Objects in Mirror

Would rewarding success increase educational equality?

Posted at 9:22 AM on July 16, 2009 by Julia Schrenkler

MPR's Tom Weber reports that, "A new report from the U.S. Education Department shows black students are scoring better in math and reading, but not enough to close a nationwide gap between them and white students." So there's change...but we're still pursuing how to close that gap further.

In the open discussion about closing the achievement gap, I noticed that the replies weren't about money but about educational structure and approach. For instance Julie Ann Dawson suggests raising the bar:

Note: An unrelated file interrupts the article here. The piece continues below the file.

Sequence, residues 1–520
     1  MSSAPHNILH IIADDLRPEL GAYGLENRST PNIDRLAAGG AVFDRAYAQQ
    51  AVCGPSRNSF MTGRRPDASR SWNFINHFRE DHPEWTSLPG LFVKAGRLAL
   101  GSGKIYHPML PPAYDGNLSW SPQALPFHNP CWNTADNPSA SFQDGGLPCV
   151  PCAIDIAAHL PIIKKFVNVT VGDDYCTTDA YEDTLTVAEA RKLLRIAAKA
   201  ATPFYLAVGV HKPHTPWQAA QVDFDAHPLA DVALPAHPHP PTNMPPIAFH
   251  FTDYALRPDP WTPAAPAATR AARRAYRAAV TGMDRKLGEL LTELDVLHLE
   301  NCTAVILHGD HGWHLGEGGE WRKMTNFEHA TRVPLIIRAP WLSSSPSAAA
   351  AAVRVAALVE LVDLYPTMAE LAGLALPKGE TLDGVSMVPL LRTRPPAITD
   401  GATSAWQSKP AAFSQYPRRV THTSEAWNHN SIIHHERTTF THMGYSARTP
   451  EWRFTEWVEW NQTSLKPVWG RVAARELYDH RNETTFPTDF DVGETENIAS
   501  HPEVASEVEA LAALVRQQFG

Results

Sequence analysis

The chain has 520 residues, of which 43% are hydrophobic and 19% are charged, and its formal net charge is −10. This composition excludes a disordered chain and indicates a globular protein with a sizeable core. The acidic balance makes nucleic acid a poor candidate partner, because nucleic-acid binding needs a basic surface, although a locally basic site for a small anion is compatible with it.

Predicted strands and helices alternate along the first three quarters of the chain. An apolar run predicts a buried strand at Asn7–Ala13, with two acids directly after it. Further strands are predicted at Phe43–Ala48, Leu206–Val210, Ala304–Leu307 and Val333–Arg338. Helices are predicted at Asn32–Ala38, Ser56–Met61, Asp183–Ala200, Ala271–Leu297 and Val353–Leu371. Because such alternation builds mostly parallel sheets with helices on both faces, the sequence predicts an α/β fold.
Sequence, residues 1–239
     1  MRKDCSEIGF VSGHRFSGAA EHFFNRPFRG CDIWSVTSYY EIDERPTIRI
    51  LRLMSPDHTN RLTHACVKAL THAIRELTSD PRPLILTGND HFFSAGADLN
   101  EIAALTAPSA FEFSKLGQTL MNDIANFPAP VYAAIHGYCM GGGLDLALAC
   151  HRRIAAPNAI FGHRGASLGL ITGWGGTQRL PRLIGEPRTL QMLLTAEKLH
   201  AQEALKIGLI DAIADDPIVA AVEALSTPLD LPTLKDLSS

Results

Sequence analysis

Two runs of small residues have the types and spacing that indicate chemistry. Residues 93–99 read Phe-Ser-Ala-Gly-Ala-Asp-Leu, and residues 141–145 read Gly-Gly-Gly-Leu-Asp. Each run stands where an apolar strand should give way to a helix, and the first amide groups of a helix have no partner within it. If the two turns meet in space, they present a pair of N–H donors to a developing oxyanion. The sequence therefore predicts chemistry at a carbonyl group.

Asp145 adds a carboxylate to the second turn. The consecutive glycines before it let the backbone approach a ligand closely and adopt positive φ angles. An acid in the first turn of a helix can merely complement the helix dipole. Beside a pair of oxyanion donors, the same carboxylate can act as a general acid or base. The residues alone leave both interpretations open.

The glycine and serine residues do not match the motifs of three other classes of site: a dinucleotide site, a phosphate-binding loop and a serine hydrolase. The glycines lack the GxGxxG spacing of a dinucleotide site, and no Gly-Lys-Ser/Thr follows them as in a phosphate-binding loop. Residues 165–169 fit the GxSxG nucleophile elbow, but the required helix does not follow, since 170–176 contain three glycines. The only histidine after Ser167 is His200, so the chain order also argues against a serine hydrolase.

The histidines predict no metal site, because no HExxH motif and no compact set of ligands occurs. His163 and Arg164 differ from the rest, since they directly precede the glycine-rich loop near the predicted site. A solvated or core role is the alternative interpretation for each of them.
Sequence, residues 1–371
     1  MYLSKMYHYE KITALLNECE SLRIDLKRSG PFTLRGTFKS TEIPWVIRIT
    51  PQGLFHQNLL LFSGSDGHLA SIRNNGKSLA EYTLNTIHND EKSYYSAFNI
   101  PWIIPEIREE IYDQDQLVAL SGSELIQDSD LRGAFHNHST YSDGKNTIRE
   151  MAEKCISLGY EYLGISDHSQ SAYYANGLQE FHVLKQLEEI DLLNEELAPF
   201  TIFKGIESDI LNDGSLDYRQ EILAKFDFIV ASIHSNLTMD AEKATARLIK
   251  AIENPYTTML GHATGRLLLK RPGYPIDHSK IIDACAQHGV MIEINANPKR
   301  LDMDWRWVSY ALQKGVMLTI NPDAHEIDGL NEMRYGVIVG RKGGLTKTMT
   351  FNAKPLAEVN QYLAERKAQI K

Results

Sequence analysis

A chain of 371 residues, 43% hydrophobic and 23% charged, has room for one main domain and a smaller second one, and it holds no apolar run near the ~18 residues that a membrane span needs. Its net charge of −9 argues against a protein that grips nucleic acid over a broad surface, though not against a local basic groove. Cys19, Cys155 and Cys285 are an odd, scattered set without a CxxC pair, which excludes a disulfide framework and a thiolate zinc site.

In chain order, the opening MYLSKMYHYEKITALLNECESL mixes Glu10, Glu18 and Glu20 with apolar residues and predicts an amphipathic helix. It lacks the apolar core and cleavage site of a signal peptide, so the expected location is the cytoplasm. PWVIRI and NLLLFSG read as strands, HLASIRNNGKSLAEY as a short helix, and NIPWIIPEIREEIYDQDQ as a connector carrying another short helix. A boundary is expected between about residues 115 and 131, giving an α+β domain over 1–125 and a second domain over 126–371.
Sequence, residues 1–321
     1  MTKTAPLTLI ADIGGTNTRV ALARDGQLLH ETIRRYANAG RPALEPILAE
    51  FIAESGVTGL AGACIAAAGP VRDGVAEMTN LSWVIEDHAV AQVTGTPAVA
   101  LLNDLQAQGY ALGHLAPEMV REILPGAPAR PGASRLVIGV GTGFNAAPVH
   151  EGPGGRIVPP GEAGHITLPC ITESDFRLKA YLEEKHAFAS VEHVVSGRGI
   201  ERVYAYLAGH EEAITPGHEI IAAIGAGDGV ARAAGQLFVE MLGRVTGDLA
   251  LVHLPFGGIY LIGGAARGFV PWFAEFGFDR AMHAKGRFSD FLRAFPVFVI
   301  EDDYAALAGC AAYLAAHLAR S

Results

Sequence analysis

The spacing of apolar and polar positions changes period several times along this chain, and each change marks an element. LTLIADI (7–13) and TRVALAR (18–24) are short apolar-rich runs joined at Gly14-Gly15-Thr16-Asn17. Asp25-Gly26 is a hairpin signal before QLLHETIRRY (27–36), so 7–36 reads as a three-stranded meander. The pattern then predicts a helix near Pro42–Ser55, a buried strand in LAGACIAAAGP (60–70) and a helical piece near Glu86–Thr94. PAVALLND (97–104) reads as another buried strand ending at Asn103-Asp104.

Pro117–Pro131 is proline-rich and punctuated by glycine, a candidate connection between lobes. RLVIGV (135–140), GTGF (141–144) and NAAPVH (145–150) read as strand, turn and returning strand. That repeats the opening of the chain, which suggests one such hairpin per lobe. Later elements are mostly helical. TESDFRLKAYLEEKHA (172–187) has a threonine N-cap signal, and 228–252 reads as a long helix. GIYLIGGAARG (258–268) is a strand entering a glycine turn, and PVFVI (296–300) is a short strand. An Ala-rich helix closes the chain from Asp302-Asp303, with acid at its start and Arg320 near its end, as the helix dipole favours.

"Reward success. We don't reward success anymore.

Not to sound old, but when I was in high school, the honor roll was a real honor. Only about a dozen or so students ever made it.

Today, the 'honor roll' for most high schools is just about every kid that gets a passing grade. Because we don't want people to feel left out.

When there are school competitions, everyone gets an 'attendence' or 'participation' award. BS. Only reward exceptional work.

The problem is we don't reward success. We reward showing up. We have lowered the standard based on being inclusive, instead of holding a high standard that students would want to live up to."

Is it that simple? How does budgeting, testing, and curriculum fit into the gap? How do you believe we can close the gap?

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